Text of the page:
Personal Finance 101

It’s easy to laugh at the comic books put out by the Fed.

No, you didn’t read that wrong. The New York Fed really does have a series of comics, and they’re available both in free print versions and on its website. Included are such titles as “The Story of Banks,” “The Story of the Federal Reserve System,” “The Story of Foreign Trade,” “The Story of Monetary Policy”—you get the idea.

Not all the materials are technical, of course. “A Kid’s Guide to Money” attempts to teach budgeting to whatever generation is now replacing the Millennials in the long parade of evermore-entitled American self-seekers, while “Wishes and Rainbows” is more philosophical: A little girl finds the secret to raising colorful flowers in a black-and-white world. How to distribute them? Allow the market to dictate the price of scarce resources? Sell off the community’s wealth to more-developed neighbors with superior technology? From each according to his abilities, to each according to his means?

Granted, the Fed is making the satirist’s job pretty easy here. You don’t need to be super-hip to take campy delight in the books’ stodgy, unconsciously-patronizing-to-the-kids tone and cheesy graphics, which are pretty much what you’d expect from educational materials mandated by bureaucratic fiat. (Reading through them, you can almost hear the fluorescent lights humming in some grim federal building in the most forlorn corner of L’Enfant Plaza.) One activity book opens, “An old rock group called the Rolling Stones once sang….” Another features characters whose similarity to the stars of Hanna-Barbera’s Scooby-Doo franchise is just this side of legally actionable. Still another features two not-fun videogames (here and here).

But quickly the laughs give way to chagrin. And a dawning sense of alarm.

Why alarm? Because what quickly becomes apparent is that for all their lameness, these materials are trying to address a real need. Specifically, the need for financial literacy, which, on the evidence of certain events in the housing and credit markets of not too long ago, would appear to be sorely lacking in today’s America.

The Fed isn’t alone in throwing its hat into this educational ring. In 2011, Virginia’s public schools made a combined economics/financial-literacy class mandatory for graduation. Other states have similar requirements on the books. Meanwhile, many colleges now mandate that their charges take Personal Finance 101 immediately upon enrolling.

These curriculum changes may, of course, be motivated by whatever fad is now sweeping the graduate schools of Education and so filtering down to the state bureaucracies. But I prefer to reject such cynicism, however justified. I really want to believe that America’s public officials are indeed finally waking up to reality, that they recognize that in an increasingly post-pension world, a world where people are living longer and where Social Security cannot be relied upon to maintain one’s standard of living after retirement, the good citizens of the republic must, sad to say, learn to make intelligent decisions with their money. Nowadays this has become even more imperative, given that the country’s financial-services sector has become ever more aggressive—and ever more devious—in its strategies to separate folks from their hard-earned dollars.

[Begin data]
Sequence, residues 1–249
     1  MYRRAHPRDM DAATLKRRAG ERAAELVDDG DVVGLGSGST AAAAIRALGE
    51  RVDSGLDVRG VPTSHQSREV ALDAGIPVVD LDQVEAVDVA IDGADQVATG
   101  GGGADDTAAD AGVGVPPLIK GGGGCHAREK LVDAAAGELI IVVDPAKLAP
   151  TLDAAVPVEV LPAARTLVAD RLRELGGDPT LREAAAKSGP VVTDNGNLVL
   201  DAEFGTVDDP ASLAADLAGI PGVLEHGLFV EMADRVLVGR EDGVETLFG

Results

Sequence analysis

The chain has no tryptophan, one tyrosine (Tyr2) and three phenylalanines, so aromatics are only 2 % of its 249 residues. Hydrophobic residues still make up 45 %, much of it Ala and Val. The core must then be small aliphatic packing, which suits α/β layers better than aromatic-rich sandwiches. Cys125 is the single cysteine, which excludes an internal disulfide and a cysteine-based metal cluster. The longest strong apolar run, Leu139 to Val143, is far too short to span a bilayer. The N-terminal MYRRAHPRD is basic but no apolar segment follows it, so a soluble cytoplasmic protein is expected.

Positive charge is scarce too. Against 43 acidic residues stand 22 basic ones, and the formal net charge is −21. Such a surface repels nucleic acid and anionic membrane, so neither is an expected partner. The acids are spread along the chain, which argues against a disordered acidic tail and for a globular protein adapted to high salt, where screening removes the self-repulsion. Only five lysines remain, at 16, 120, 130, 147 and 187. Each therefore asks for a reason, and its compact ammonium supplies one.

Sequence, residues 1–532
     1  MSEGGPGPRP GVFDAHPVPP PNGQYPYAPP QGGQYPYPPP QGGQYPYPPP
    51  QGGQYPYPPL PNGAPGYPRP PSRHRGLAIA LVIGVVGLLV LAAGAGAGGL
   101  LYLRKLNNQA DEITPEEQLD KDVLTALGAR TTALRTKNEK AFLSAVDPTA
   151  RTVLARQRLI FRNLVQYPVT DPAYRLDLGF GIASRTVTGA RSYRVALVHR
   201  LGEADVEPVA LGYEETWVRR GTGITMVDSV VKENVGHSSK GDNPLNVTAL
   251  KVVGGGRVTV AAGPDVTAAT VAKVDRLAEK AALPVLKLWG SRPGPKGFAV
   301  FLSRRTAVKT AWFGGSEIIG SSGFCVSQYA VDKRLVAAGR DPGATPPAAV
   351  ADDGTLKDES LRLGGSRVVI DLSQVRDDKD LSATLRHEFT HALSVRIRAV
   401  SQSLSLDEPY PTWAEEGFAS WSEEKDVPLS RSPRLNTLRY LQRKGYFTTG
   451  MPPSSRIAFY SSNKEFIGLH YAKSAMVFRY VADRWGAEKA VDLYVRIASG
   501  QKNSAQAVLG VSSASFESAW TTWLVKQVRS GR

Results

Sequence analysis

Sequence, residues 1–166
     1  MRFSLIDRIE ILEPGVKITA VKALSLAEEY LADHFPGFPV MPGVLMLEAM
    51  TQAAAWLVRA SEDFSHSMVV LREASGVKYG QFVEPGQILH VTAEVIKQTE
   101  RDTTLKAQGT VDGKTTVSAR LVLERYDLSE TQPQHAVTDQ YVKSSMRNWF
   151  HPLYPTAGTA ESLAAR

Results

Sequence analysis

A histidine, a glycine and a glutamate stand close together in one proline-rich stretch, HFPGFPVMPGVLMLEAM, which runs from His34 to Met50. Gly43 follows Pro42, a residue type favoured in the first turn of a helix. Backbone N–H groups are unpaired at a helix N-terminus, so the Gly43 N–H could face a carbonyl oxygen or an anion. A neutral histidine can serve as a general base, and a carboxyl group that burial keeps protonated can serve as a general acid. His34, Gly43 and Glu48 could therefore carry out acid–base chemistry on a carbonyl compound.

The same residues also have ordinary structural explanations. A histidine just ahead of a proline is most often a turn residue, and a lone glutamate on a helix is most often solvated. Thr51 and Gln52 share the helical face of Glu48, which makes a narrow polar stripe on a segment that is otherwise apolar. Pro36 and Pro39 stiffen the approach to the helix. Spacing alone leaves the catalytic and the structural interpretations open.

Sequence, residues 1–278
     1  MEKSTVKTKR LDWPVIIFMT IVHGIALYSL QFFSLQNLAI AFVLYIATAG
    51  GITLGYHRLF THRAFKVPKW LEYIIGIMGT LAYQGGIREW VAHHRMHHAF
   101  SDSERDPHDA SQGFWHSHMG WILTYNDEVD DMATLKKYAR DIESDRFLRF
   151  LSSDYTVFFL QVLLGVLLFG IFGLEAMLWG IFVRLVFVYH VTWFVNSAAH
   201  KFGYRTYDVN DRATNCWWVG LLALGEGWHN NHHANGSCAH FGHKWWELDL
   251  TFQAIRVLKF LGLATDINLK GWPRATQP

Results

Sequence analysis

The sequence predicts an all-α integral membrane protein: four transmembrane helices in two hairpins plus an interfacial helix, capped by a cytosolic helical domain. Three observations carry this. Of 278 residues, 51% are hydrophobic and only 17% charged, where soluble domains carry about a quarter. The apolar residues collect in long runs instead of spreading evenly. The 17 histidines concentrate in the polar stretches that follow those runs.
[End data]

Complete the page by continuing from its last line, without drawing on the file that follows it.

Whatever the case, the teachers would appear to have their work cut out for them. A 2010 study by the University of Arizona found that college students all too frequently indulge in “risky coping strategies.” Among these “strategies”: postponing necessary health care and using one credit card to pay off another. Meanwhile, a financial-literacy workshop hosted by a community-outreach association in the Bronx tries to render its participants “work-ready.” Its activities include teaching 22-year-olds how to read their paychecks and explaining that check-cashing counters are frequently not the best option for those in need of funds. One attendee confessed she’d bought two pairs of headphones the day before the workshop, for reasons unclear even to herself. Several students were surprised to learn that credit cards are not a form of free money.

Astonishing, I know. But lest you come to the conclusion that such cluelessness could only flourish between East Tremont Avenue and the Bruckner Expressway, there is abundant evidence of its pervasiveness in all sectors of American society. Annamaria Lusardi, a Dartmouth economist who heads up the Financial Literacy center, has found that a majority of Americans do not understand the idea of compound interest. And Broke, U.S.A., journalist Gary Rivlin’s ground-level view of the Great Housing Scam of the 2000s, describes scores of people—rich, poor, and everything in between—who refinanced out of low-interest mortgages, or who thought they had signed fixed-rate agreements when they had really signed adjustable-rate ones.

When you combine this total lack of comprehension with Americans’ ever-growing sense of entitlement—our sense that not being able to pay for the things we want should be no impediment to our buying them—you have a disturbing sense that our culture that is in deep trouble.

Maybe the Fed is onto something, after all.

A Kid’s Guide to Money,” page 4:

“We all have a limited amount of money that we can use to buy things. Sure, it would be nice to have whatever we want whenever we want it, but because money is scarce, we have to make choices. When you make a choice, you give up one thing in exchange for another thing. This is how adult life works.”

A sobering lesson. Would that we had learned it back in 2004.

Posted by on August 8th, 2013 at 2:17 pm

The information in this blog post represents my own opinions and does not contain a recommendation for any particular security or investment. I or my affiliates may hold positions or other interests in securities mentioned in the Blog, please see my Disclaimer page for my full disclaimer.